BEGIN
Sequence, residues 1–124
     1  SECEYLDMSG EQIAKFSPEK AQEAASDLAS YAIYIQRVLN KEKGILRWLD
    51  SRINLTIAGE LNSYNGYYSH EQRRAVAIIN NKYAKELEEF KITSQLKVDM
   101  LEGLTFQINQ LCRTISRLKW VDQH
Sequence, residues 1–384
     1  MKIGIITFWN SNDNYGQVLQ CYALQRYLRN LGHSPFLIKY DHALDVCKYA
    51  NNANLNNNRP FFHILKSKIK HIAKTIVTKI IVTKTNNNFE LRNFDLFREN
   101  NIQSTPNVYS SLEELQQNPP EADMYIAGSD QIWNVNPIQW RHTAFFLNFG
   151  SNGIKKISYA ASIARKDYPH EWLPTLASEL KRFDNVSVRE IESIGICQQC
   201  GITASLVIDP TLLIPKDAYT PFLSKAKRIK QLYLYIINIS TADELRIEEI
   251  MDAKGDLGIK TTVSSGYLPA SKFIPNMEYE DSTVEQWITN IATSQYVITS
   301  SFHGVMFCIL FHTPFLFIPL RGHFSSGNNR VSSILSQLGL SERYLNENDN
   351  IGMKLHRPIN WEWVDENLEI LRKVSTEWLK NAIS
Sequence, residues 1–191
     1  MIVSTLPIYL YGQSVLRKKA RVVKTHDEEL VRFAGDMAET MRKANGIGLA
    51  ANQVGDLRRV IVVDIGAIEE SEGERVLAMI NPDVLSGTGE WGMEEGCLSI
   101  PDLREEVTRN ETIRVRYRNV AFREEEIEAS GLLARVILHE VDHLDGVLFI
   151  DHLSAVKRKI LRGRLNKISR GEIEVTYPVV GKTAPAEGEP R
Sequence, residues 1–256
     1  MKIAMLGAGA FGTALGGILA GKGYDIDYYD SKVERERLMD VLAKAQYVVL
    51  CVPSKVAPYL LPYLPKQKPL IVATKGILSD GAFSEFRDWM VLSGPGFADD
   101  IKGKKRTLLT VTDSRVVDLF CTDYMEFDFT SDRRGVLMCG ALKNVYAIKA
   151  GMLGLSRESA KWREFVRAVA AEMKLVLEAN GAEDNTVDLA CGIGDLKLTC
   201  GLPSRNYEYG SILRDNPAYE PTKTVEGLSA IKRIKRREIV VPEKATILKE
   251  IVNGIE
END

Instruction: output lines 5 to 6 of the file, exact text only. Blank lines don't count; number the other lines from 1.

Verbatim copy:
Sequence, residues 1–384
     1  MKIGIITFWN SNDNYGQVLQ CYALQRYLRN LGHSPFLIKY DHALDVCKYA